Then, there was The Who, Cream and Jimi Hendrix. I think those drummers and I influenced many other drummers. I was the only American! So I talk about Hendrix’ innovations, like the wah wah and all that. I talk about knowing the bands, funny stories, my career and how it intersected with all the innovations at that time. I talk about living through the 60s and 70s and all of the craziness. I do a question-and-answer part after, then if drums are available, I play a bit and do a meet and greet. My girlfriend does an interview section also, with a presentation. It’s very cool. We are working on scheduling this in different locations.

MIM: You re-released some books recently?

Appice: I found some old books I wrote when I was packing to move recently — that I wrote in 1974. I showed one to Hudson Music, and we added to it and came up with a really good book. It is troubling that it is available on the Internet for free, though. It’s hard to get anything going and make a profit when so much is ripped off, downloaded and available for free.

MIM: Yeah, there are some pros and cons to the digital age.

Appice: I know. I am losing thousands because of assholes who scan my books and put ’em on the Internet for free. Who does that? It’s just terrible.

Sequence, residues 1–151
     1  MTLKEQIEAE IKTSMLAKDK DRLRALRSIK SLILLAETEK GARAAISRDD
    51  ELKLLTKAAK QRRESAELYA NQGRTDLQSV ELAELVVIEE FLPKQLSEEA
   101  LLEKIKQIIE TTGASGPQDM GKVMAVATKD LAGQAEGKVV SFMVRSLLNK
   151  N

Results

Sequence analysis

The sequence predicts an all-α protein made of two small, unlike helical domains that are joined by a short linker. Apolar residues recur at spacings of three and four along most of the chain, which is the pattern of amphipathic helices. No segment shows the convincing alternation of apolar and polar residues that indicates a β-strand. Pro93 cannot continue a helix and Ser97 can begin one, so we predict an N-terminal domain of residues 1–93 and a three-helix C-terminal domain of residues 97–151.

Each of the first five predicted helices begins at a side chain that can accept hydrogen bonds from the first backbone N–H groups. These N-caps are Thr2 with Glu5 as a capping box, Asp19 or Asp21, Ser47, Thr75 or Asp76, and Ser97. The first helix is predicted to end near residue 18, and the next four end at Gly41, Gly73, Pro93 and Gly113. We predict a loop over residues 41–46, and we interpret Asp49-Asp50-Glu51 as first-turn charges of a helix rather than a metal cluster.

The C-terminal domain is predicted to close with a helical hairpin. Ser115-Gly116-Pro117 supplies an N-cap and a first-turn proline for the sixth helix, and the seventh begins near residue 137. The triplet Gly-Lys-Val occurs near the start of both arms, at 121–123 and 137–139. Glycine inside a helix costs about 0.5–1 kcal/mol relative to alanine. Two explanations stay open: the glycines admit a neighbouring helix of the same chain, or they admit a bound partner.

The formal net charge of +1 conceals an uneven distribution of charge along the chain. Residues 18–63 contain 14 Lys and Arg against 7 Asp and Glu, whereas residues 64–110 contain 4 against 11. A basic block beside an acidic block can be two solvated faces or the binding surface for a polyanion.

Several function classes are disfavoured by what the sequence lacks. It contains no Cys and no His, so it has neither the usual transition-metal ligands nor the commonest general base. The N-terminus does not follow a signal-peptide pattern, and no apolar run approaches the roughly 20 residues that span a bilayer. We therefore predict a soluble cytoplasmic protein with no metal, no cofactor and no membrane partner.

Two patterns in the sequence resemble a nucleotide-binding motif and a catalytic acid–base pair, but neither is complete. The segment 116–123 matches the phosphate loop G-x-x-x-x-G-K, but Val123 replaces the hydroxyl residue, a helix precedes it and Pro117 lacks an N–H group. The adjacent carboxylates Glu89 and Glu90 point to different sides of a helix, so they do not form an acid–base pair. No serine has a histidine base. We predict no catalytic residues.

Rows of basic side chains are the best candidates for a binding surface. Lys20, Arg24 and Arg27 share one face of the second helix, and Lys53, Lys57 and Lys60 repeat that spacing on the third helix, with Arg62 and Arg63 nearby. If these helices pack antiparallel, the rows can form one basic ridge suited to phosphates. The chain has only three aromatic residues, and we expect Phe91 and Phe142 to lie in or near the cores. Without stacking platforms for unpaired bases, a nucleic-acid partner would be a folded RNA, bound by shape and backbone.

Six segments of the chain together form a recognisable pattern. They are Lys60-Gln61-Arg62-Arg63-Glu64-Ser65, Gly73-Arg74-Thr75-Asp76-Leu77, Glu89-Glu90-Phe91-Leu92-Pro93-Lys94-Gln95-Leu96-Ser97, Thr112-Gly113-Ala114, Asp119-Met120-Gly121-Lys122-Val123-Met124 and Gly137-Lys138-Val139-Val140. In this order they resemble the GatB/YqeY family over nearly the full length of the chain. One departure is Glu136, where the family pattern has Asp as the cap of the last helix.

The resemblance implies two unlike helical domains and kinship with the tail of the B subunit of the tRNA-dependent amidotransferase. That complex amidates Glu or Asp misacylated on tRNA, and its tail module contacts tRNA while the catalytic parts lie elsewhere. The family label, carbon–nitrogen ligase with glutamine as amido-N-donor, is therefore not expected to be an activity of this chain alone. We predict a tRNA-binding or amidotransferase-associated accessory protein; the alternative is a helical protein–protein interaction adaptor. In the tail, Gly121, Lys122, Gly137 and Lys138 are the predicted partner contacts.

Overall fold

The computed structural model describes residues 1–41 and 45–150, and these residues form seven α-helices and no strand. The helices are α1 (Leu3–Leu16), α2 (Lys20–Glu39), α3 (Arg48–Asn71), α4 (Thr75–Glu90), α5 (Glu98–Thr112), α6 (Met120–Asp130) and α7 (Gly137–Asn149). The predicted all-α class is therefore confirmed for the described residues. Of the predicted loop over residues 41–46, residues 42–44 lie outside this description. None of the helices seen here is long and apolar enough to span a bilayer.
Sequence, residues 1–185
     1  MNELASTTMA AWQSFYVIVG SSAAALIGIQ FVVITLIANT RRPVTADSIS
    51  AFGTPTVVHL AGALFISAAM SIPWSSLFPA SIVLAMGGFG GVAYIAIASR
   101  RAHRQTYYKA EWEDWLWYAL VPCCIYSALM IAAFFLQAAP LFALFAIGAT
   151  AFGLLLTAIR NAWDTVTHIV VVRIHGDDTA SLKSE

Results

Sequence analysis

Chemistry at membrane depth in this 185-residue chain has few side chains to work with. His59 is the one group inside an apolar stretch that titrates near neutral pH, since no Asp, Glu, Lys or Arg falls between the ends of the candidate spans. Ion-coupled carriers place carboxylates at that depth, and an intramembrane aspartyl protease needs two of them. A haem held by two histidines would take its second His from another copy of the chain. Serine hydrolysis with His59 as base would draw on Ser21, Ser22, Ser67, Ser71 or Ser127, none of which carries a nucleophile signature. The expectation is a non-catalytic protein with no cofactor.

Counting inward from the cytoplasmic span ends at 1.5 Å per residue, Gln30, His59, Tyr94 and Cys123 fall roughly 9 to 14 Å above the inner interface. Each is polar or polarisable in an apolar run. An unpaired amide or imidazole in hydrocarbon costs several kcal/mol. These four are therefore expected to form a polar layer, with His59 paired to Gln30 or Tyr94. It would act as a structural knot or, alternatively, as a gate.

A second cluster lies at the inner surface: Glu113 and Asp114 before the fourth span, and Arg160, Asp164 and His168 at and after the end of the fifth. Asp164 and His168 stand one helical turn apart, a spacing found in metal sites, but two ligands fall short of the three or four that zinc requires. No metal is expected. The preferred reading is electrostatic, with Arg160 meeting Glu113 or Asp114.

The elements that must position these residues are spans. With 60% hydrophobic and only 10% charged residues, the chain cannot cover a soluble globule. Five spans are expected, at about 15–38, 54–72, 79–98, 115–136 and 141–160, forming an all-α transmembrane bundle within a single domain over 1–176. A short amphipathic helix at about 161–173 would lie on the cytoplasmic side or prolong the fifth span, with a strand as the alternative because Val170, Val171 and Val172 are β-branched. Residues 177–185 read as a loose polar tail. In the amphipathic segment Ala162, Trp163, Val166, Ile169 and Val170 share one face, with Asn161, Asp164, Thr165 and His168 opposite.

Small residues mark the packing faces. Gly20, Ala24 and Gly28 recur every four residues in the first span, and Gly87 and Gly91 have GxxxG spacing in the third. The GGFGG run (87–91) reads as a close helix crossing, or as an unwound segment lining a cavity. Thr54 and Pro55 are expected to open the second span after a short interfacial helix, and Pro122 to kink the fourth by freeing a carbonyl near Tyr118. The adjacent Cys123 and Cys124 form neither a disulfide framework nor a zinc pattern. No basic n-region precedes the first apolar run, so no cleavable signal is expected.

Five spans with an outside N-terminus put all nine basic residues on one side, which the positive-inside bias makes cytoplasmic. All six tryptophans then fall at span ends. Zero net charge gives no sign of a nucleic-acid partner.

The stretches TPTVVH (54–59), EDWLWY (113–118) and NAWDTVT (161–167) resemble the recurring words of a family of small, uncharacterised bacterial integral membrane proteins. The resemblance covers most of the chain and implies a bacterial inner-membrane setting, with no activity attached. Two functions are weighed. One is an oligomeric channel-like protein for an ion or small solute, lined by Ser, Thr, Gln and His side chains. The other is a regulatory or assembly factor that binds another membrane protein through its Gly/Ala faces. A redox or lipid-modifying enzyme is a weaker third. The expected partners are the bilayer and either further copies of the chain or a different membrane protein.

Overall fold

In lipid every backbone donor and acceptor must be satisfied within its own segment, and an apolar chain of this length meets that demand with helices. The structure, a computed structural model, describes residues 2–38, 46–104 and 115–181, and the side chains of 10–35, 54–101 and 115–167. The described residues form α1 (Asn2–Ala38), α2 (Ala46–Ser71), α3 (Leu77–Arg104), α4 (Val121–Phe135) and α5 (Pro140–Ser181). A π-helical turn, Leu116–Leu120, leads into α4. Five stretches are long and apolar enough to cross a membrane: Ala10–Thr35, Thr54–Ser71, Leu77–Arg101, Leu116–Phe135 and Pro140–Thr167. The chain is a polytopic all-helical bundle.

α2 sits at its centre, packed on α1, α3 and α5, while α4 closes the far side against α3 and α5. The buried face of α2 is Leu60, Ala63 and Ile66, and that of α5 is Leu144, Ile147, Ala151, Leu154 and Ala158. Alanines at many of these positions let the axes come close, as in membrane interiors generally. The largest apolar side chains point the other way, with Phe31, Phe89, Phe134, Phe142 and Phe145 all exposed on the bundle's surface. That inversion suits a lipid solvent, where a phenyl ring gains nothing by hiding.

MIM: How did you get your star at the Rock Walk between Buddy Rich and Gene Krupa?

Appice: I am a friend of the Guitar Center, and the Drum Off they do, originally was called the “Carmine Appice Drum Off.” Now it’s the Guitar Center Drum Off. I did the last one in ’85 or ’86, I think. I had a drum set in the window of the Guitar Center for 10 years. They asked me if I would come in and be inducted along with Alex Van Halen and Ginger Baker; and Buddy Rich, Gene Krupa, John Bonham and Keith Moon who have passed. Gene and Buddy were my idols, and of course the others are all great drummers. I have a picture of it somewhere. It will probably make it into my book.



MIM: I attended of few of those Carmine Appice Drum Offs when I lived in Hollywood. They were great. Can you talk about the “When Rod Was God” shows?

Appice: It’s an idea I came up with in Europe a while back. It’s a total show with the energy, look and feel from the 70s. Rod doesn’t do those songs anymore. I just saw him in a Christmas show, and he sounds totally different. Those high notes are so hard to hit. Phile Chen, Jim Cregan, Billy Peek and Gary Grainger should all be on board. We should have something together in 2013.

MIM: At NAMM 2013, while recovering from shoulder surgery, Appice told us about his Rockaholics Metal Fan Camp. Vinny and Carmine will hold a weekend seminar with their friends telling stories, jamming and just hanging out. This will be near Woodstock, New York. For more info, email Carmine at info@panacea-ent.com, and he will make sure you are on the VIP pre-registration list.